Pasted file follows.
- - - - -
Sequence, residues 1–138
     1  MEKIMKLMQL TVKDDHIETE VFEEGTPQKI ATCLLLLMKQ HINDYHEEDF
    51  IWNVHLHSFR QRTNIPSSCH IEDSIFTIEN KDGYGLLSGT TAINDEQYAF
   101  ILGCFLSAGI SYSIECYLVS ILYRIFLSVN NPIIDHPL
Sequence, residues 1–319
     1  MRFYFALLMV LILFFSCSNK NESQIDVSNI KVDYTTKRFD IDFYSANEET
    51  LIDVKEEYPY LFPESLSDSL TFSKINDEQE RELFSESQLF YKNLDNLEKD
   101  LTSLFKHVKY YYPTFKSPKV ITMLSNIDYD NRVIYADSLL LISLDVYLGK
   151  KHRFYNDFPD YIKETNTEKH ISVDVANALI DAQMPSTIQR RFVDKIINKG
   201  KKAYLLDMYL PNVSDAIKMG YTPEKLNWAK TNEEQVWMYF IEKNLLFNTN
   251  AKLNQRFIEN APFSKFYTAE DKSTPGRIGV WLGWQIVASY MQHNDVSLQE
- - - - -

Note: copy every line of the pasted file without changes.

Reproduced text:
Sequence, residues 1–138
     1  MEKIMKLMQL TVKDDHIETE VFEEGTPQKI ATCLLLLMKQ HINDYHEEDF
    51  IWNVHLHSFR QRTNIPSSCH IEDSIFTIEN KDGYGLLSGT TAINDEQYAF
   101  ILGCFLSAGI SYSIECYLVS ILYRIFLSVN NPIIDHPL
Sequence, residues 1–319
     1  MRFYFALLMV LILFFSCSNK NESQIDVSNI KVDYTTKRFD IDFYSANEET
    51  LIDVKEEYPY LFPESLSDSL TFSKINDEQE RELFSESQLF YKNLDNLEKD
   101  LTSLFKHVKY YYPTFKSPKV ITMLSNIDYD NRVIYADSLL LISLDVYLGK
   151  KHRFYNDFPD YIKETNTEKH ISVDVANALI DAQMPSTIQR RFVDKIINKG
   201  KKAYLLDMYL PNVSDAIKMG YTPEKLNWAK TNEEQVWMYF IEKNLLFNTN
   251  AKLNQRFIEN APFSKFYTAE DKSTPGRIGV WLGWQIVASY MQHNDVSLQE